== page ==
Business emails must be free of specific typos and syntax errors since they are official documents. It is possible to make mistakes and only discover them after pressing the send button for different reasons. Perhaps someone who received the email (a friend or partner) brought the error to your attention.

This can be embarrassing and frustrating because you cannot delete or edit the email that was sent. Continue reading to find out what to do in case you encounter a similar circumstance. But first, let's look at some common email errors.

Common Email Mistakes

The annoying thing about these errors is that they will remain in recipients' inboxes until they read or delete them. It's not like a website where you can fix mistakes privately. So what are some common email mistakes?

i. The typo

This error involves words that sound the same but have different meanings. The IntelliSense feature on some keyboards used for typing can complete words, making this a common mistake. In some cases, the AI guesses the wrong word.


  • The Company will be righting the wrongs customers experienced during the lockdown.
  • The Company will be writing the Wrong customers experienced during the lockdown.

ii. The secure info leak

You might have to go through the cybersecurity training course because this one could be more serious. When private information is made accessible to unauthorized parties as a result of a security breach, information leaks occur.

An example would be sending out promotional materials for a product that hasn't yet been released using marketing or product mockups that the legal team had not approved.

iii. The broken image

This error happens whenever an image's source code contains an empty tag unchanged before sending. Or maybe you used a GIF and forgot to set a fallback image for clients that don’t support GIFs.

Regardless of the reason, it always presents a poor professional image and can be a bit of an eyesore when images in our emails break. You might fall far short of your KPI targets if it's crucial to the email's message or goal.

The aim for many email marketers is to get that link clicked. That's why it's so annoying when you spend hours crafting an email to promote something significant, only to hit send and discover you forgot to include a link to it.

Correcting Mistakes in Your Marketing Emails

Consider the severity of the error before deciding to fix it. It's probably not worth fixing a mistake if it's minor or only affects a small number of people. However, if it will have a discernible effect on your business, sending a follow-up email with the appropriate information might be the answer.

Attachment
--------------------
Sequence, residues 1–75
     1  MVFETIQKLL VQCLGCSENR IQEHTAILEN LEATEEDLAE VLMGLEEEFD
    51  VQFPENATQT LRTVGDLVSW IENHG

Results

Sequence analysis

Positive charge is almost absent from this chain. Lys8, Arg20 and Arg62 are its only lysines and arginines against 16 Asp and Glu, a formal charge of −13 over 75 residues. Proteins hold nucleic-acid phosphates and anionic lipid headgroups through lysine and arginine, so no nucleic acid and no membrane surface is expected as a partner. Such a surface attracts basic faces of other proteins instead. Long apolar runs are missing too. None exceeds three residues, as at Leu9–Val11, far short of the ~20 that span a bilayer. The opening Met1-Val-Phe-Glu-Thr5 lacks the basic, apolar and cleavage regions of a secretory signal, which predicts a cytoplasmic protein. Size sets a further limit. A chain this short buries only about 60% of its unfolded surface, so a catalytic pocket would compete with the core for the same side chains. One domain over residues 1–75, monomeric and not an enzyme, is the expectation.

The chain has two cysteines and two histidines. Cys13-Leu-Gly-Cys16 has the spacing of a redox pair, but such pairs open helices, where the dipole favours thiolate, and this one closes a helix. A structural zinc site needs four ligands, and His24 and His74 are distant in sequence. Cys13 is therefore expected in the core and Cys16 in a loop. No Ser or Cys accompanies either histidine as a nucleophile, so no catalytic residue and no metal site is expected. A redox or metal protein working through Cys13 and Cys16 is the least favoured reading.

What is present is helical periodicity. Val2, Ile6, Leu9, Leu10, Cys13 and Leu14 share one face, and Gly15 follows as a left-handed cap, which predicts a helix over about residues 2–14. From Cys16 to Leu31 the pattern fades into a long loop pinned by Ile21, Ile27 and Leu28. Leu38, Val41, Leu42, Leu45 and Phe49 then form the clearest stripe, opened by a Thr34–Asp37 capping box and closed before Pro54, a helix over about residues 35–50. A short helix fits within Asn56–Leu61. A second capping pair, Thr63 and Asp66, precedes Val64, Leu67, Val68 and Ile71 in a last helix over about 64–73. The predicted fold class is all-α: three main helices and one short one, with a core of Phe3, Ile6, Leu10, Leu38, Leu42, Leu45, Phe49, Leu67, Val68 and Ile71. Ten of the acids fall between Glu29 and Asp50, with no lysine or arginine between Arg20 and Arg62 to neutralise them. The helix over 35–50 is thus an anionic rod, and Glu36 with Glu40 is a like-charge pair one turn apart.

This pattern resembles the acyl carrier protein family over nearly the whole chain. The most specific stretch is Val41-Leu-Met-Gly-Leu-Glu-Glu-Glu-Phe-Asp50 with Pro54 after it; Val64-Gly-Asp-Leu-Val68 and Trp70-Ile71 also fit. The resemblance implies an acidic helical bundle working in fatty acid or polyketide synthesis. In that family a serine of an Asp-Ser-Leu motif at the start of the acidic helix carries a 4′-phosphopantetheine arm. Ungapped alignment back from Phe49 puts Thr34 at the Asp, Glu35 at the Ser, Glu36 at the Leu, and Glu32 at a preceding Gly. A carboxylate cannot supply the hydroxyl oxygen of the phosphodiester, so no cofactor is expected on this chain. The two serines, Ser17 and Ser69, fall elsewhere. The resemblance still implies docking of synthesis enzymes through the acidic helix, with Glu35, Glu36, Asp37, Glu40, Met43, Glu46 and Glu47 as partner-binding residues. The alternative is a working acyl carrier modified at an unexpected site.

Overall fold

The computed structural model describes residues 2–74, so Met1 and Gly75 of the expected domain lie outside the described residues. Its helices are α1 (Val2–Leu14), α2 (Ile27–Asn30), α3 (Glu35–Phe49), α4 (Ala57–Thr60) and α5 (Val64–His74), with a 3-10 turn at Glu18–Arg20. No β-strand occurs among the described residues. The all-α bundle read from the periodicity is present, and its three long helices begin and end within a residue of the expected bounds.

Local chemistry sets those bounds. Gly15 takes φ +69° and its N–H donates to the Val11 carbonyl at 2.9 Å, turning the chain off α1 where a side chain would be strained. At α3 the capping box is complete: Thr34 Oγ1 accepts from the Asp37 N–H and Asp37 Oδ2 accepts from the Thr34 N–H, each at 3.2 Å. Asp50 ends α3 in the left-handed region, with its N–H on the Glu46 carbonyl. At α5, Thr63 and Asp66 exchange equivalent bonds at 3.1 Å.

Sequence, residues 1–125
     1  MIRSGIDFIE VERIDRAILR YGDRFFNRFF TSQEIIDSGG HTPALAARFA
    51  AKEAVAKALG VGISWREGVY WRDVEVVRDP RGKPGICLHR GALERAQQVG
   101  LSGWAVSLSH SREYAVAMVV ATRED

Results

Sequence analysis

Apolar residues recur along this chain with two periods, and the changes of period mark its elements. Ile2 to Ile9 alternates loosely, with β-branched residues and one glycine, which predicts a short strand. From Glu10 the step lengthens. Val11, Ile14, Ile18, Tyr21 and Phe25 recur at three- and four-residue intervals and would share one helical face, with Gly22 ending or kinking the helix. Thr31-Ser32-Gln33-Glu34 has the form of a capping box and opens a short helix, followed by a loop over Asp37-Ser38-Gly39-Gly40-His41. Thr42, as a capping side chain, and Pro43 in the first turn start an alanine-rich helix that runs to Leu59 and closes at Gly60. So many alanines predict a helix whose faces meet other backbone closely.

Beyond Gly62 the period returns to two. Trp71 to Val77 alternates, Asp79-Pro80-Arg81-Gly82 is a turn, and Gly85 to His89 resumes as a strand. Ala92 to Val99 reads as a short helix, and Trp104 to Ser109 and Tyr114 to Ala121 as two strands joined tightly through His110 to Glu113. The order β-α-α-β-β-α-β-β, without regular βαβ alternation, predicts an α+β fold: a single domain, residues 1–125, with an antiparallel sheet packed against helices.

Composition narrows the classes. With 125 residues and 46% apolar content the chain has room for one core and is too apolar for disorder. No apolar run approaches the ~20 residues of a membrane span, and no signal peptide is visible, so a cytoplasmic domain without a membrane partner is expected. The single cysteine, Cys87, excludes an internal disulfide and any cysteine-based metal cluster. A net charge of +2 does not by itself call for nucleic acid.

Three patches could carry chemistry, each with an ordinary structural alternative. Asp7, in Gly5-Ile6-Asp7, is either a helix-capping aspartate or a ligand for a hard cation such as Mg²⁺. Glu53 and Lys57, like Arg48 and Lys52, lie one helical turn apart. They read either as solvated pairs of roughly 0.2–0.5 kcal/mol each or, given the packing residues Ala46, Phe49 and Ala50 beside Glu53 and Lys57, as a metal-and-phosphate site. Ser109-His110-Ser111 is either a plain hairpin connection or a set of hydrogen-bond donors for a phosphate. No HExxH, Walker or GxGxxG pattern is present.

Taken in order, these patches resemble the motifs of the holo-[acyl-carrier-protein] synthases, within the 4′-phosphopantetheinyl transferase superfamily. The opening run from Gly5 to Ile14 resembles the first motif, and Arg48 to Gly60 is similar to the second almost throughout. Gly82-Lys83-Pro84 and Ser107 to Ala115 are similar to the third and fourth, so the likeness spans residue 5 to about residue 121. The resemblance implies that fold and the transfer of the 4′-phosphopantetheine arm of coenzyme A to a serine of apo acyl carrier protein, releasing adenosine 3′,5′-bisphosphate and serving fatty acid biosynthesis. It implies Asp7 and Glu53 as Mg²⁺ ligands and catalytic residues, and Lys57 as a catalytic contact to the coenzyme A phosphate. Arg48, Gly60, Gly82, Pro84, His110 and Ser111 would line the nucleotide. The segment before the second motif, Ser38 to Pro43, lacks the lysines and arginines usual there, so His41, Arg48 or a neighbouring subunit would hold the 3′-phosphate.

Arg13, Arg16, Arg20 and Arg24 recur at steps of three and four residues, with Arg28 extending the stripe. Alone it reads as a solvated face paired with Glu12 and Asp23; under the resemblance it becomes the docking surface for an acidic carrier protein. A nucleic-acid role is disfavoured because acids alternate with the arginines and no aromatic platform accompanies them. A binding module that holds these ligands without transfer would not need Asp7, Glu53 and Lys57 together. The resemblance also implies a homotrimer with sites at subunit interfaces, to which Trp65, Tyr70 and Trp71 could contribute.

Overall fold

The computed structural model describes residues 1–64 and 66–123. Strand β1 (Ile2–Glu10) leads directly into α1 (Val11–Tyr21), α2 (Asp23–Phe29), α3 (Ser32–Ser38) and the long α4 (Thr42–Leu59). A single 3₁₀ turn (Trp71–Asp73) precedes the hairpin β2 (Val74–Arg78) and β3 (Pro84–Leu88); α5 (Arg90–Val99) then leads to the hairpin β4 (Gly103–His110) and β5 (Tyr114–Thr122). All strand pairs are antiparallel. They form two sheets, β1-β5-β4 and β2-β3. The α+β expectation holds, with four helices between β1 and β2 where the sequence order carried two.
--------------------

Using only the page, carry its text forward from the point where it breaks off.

A wrong promo code, a broken link, or an incorrect sale date could all hurt your business. If the email's contents in any way represented your brand incorrectly, you might want to send an apology email. This is especially important if you're working with sensitive information that could harm your reputation.

Add "Oops!" or "Correction:" or "Let's try this again" to the subject line and send it to everyone on the email list who accidentally received it.

If it's been a week and you're only now realizing your mistake, the majority of your subscribers (and, fingers crossed, your boss) probably didn't notice either. Don't send a correction and attract attention.

When Not to Correct Mass Email Mistakes

Typographical mistakes, misplaced commas, minor formatting issues, the absence of redundant content, and similar errors are not worth getting worked up about. On your list, some will call your attention to the error, some will see it but say nothing, and the majority won't.

If you sent the incorrect image or misrepresented an offer, you can correct it on your server or provide clarification on the landing page the email redirects to.

Tweet an apology if someone calls you out on social media.

Sending an "oops" email typically draws more attention to the error and exaggerates it. Additionally, these emails may see higher unsubscribe rates and lower engagement.


To avoid making the same mistakes again, double-check your marketing emails before sending them in the future. Or, even better, implement a precheck system for email campaigns.

Resending isn't good for your engagement or list hygiene, but if you have to, it's acceptable. Please keep the corrections to a minimum. Keep it straightforward because a correction email is not a marketing email.